M/A/R/C Rapid Results
M/A/R/C® Rapid Results helps you determine which of your concepts has the most potential to activate consumers in-market. One of M/A/R/C®’s key metrics estimates activation potential which has been validated to be used for predictive market outcomes.
- Predict the success of your concepts among category-aware users.
- Show the performance of your concepts across demographic groups with 'Activation Skews'.
- With the 'Price Sensitivity' add-on you can assesses the price/value relationship of your concept while determining the revenue-maximizing price point.
- Use the 'Total Unduplicated Reach' add-on to understand which selection of concepts to keep and which to drop for the broadest market reach.
- Access to norms available by region for 'Activation Potential'* and each component question.
- Access to dynamically generated norms and get more flexibility to set decisions based on what is most important to your business.
*M/A/R/C®’s 'Activation Potential' is a one-number score that looks at the five key drivers of consumer behavior (purchase intention, likability, value, uniqueness, and opinion vs. favorite). This is utilized to provide the most accurate information regarding your concept's viability.
M/A/R/C® Rapid Results Configuration Checklist:
- Stimulus/stimuli. JPEG or PNG (height of 860 PX max)
- Unique concept title: Shown to respondents
- Appears in the survey as: “For the remainder of the survey please assume that [UNIQUE CONCEPT TITLE] is available where you shop."
- Brand(s) & competitor brands. Up to 10 in total
- Appear as answers in the question: “Which of the following would you purchase [UNIQUE CONCEPT TITLE] in place of?”
- Concept parent brand
- Presented in the survey as: “On a 1 to 10 scale, where 1 means Does Not Fit At All and 10 means Fits Extremely Well, how well do you think [UNIQUE CONCEPT TITLE] fits with the [PARENT BRAND] brand?"
- Min and max price points. The minimum and maximum price points should reflect the range which you would consider offering the new product.
- Brand attributes. Between 2 - 20
- Appear as answers in the question: “Please indicate how much you agree or disagree with each of the following statements regarding [UNIQUE CONCEPT TITLE].”
- Concept varieties for line-item analysis (optional for an additional cost). Helps you understand the impact of varieties on the reach of the overall line (up to 20)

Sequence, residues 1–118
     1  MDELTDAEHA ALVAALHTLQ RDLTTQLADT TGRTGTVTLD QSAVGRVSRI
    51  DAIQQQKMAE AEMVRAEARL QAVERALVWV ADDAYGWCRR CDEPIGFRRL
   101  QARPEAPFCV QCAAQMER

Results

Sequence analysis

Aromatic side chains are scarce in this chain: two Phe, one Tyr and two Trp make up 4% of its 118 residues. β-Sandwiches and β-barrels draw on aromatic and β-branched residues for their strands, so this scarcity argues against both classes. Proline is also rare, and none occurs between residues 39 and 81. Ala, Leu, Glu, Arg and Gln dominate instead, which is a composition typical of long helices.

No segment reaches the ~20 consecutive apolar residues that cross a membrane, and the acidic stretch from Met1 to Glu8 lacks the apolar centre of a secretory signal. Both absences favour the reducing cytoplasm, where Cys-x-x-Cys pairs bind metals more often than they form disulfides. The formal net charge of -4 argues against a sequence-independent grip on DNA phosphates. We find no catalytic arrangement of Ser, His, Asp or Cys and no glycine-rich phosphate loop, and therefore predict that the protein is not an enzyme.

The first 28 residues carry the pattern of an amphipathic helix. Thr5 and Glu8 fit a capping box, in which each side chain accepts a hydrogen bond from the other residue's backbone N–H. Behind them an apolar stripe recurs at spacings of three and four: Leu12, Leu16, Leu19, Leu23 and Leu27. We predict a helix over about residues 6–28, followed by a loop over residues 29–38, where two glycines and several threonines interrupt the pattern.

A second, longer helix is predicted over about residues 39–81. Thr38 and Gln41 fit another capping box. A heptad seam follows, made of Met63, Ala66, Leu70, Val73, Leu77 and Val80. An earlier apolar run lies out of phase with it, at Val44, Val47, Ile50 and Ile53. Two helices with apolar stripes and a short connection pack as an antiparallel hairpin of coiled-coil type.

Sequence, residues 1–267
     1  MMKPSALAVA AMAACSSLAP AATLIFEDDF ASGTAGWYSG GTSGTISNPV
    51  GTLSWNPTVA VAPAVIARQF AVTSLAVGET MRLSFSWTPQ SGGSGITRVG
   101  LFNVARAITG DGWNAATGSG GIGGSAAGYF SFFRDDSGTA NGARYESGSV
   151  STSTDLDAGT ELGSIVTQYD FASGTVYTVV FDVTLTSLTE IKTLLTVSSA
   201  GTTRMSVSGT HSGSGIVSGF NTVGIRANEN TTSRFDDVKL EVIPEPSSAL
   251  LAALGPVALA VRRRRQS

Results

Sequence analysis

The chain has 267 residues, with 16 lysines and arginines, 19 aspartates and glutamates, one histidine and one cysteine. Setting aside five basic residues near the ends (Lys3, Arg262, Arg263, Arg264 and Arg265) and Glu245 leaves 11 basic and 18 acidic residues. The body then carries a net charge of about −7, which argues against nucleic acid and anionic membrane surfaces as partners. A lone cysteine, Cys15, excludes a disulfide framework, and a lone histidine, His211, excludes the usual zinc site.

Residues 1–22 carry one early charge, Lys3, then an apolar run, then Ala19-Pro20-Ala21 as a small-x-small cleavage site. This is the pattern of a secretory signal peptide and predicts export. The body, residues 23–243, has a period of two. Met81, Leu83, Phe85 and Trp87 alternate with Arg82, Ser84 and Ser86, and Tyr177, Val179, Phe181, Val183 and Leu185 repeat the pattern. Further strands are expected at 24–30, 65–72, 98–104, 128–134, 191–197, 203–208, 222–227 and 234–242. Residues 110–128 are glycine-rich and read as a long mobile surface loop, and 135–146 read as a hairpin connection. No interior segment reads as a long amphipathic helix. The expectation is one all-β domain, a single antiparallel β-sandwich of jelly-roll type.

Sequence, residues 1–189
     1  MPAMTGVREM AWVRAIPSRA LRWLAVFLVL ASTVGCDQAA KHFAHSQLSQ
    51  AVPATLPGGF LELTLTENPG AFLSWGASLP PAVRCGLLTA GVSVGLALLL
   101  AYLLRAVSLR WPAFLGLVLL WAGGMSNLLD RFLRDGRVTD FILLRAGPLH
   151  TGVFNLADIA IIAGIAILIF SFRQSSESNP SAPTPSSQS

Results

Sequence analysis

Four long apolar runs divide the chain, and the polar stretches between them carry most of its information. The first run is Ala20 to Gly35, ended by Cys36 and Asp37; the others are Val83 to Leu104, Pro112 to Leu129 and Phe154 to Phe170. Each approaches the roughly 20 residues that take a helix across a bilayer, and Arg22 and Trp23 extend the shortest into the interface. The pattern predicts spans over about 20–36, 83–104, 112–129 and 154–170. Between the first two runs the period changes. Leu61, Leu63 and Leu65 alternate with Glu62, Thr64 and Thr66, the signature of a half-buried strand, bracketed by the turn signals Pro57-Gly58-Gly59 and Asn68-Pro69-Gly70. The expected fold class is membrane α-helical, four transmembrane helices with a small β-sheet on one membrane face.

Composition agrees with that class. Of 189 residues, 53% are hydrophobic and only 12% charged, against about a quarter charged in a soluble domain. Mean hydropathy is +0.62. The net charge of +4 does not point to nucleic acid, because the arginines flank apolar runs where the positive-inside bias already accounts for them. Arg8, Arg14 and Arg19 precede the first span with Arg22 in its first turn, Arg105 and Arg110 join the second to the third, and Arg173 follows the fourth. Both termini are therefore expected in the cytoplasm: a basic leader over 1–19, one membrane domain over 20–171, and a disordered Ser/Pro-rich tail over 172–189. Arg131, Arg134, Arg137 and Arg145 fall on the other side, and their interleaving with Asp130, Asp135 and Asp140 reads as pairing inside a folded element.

- Custom questions (optional): for an additional cost, maximum of 3. You will need to provide translations for non-English markets. Questions can take the following forms:
- Multiple choice
- Single choice
Configuration Walkthrough Video:
Questionnaire flow and key metrics definitions:
- Category purchase behavior. Respondents are asked the category that the survey is for, how often they buy products from that category within a given time frame, and how many packages of those products they buy on a typical occasion. If the substitution add-on is included, respondents are also asked which similar items they have purchased within the same time frame.
- Key purchase drivers. Respondents are asked to imagine that the concept is available to purchase where they shop.
Then, they have to rate the concept for Purchase Intent (5 point scale), Likeability (6 point scale), Value (5 point scale), Difference (5 point scale), and Different within the brand (how different the concept is from other products from the same brand). Respondents are then asked to contrast the concept against their favorite product from the same category, on a 10 point scale.
- Purchase behavior. Respondents are asked how many times they would purchase the concept within the same time frame as the selected one in the Category Purchase Behavior section. Followed by how many packages they would buy on each occasion.
- Variety appeal (optional). Respondents are asked what their purchase intent is for each pack variety and size.
- Substitutability (optional). Respondents are asked which brands they currently buy, and how likely they would be to switch to the tested concept.
- Price sensitivity (optional). Respondents are asked a series of questions around pricing to determine the optimum price for the concept. The battery establishes at what price the concept is ‘worth it’, ‘cheap’, and ‘expensive’. Then, at each of those price points, it understands perceived value for money, purchase intent, and frequency of purchase.
- Concept highlighting. Respondents can highlight areas of the tested concept as likes or dislikes.